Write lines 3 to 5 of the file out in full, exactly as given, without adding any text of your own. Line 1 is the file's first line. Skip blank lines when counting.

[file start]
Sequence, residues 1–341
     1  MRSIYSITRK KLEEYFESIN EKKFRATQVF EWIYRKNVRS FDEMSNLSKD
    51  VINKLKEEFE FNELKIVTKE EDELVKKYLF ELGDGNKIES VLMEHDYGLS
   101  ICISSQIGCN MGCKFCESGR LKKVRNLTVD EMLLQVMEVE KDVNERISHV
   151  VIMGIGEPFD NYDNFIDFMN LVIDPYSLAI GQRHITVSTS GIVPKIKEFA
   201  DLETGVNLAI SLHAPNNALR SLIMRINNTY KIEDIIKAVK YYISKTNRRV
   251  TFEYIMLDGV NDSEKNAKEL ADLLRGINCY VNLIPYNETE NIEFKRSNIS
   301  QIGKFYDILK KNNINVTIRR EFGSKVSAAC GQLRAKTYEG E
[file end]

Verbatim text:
    51  VINKLKEEFE FNELKIVTKE EDELVKKYLF ELGDGNKIES VLMEHDYGLS
   101  ICISSQIGCN MGCKFCESGR LKKVRNLTVD EMLLQVMEVE KDVNERISHV
   151  VIMGIGEPFD NYDNFIDFMN LVIDPYSLAI GQRHITVSTS GIVPKIKEFA